Vegetarian

We brake for Interstate and vegetarian comfort food

Although the bar at Interstate Kitchen & Bar, 901 West 10th Avenue, is packed during the early evening hours, the dining room is nearly empty, with just one two-top finishing up a meal over what sounds like a quiet business discussion. The room will get busier as the hour gets later -- but if you want an intimate dinner before 7 p.m. (or a raucous snack after midnight), brake for Interstate.

The vibe here is retro and fun, and while the kitchen serves what's billed as classic roadside grub, it's much better than anything you'll find in a restaurant actually on the side of an interstate.

The tables are covered with brown paper stamped with the Interstate logo; an assortment of Crayola crayons help soothe the fidgets while such '50s classics as "Blue Suede Shoes" mixed with newer tunes by bands like the Drive-By Truckers are piped through the loudspeakers. The water comes in a Mason jar -- but the more interesting drinks are on the whiskey and house cocktail lists. The knowledgeable staff is more than willing to offer suggestions.

Vegetarians should ask for the veggie menu, since it lists all the meat-free dishes available. Snack options, each $4, include spoon bread, mac-and-cheese and deviled eggs (pictured). The eggs are beautifully presented, each half resting atop a smear of the yolk mixture that holds a hint of paprika; the green onion and dill garnishes help the flavors pop. Fair warning: The deviled eggs come with a smidge of caviar on top that adds a lovely tang of salt, but the more squeamish or traditional veggies might want to ask for the eggs without the caviar.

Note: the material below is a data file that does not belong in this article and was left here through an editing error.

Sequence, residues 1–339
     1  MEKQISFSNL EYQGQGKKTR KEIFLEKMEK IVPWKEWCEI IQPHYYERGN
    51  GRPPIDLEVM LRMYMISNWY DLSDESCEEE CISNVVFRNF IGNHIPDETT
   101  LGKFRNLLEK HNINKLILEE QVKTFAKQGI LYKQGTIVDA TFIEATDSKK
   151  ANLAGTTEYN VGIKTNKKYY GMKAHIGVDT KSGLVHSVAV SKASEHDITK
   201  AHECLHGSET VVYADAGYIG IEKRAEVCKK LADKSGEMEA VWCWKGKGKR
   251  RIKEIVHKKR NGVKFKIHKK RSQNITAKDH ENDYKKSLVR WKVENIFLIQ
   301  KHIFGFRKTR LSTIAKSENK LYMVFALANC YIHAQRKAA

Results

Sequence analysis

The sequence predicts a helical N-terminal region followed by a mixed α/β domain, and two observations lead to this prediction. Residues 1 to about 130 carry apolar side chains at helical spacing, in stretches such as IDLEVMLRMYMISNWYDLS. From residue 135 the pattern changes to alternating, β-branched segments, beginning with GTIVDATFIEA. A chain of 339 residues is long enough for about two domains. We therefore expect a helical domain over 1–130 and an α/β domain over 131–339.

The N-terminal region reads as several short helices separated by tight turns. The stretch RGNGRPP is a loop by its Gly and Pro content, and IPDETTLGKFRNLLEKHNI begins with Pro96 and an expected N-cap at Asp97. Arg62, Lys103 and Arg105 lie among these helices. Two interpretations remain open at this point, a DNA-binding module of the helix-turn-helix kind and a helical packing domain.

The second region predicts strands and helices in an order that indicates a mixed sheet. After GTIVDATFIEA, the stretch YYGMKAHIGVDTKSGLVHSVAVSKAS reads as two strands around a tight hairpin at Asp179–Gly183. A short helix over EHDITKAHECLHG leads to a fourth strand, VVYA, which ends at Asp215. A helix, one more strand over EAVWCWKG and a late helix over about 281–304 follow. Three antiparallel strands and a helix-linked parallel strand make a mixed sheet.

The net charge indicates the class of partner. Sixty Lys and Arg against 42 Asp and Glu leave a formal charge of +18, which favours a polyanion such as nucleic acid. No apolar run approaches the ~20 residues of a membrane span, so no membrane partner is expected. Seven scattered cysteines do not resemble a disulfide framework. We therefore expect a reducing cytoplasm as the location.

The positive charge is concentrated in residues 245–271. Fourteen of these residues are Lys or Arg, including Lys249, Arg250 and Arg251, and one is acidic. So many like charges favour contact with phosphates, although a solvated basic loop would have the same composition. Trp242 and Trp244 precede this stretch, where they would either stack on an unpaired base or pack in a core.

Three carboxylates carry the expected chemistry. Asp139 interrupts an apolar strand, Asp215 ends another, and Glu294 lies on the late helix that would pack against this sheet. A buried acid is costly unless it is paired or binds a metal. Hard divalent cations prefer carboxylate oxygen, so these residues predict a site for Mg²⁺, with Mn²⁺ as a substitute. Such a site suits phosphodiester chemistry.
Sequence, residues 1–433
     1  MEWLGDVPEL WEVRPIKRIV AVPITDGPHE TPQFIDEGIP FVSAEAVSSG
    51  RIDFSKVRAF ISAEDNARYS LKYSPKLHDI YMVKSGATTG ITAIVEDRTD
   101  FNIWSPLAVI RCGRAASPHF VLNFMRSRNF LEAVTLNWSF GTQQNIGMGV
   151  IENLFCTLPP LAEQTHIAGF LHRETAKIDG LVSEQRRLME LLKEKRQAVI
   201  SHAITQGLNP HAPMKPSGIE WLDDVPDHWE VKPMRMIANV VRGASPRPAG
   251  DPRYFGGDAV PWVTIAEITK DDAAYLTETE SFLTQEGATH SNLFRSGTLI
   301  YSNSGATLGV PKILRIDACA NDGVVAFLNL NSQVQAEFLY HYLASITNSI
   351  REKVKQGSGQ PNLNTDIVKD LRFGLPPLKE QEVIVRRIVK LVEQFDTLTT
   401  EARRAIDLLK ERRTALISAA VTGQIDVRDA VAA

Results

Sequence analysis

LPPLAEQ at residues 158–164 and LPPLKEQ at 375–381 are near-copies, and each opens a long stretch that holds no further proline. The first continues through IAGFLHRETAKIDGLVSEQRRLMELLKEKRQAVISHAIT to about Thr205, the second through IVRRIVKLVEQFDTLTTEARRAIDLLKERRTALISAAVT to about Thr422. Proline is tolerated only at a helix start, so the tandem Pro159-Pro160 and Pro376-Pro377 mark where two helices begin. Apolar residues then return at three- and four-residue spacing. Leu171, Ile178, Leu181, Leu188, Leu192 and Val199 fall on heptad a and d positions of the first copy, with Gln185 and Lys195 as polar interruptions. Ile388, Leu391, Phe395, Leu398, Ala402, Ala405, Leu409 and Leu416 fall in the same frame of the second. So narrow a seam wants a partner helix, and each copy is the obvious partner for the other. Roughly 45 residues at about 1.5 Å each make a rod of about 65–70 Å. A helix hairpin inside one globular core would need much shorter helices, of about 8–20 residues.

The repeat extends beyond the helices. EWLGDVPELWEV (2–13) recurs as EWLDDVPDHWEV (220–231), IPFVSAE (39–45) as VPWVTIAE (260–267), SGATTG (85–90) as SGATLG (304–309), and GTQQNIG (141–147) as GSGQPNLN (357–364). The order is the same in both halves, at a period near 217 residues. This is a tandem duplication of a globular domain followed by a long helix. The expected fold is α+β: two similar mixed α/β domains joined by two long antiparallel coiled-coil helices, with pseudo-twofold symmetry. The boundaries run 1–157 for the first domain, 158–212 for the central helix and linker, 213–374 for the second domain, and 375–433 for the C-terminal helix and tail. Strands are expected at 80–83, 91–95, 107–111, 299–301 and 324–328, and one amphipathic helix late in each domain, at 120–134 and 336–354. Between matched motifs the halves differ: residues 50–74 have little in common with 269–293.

There are a handful of veggie-friendly salads, too, but for a full meal, you can't go wrong with either the veggie burger ($9) or the Roadside Veggie Trailer ($10).

The veggie burger appears to be your typical Gardenburger patty, but the fixings make it particularly fine. You can top it with avocado, grilled onion or mushrooms or a fried egg, plus your choice of cheese; on the side come crispy fries and paper-thin housemade pickles. The Roadside Veggie Trailer is an even bigger load. The menu describes it as a "roasted succotash-stuffed tomato with Interstate mac & cheese and snap peas," but onion and green pepper are mixed in with the corn-and-lima-bean succotash, and there's a sprinkling of rocket on top for fiber. The sugar snap peas add a burst of flavor, but the macaroni-and-cheese really holds this dish together.

Interstate's kitchen is open until midnight (or 1:30 a.m., if you just want snacks) seven days a week, and there's free parking in the garage just west of the venue.

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Amber Taufen has been writing about people, places and things in Denver since 2005. She works as an editor, writer, and production and process guru out of her home office in the foothills.
Contact: Amber Taufen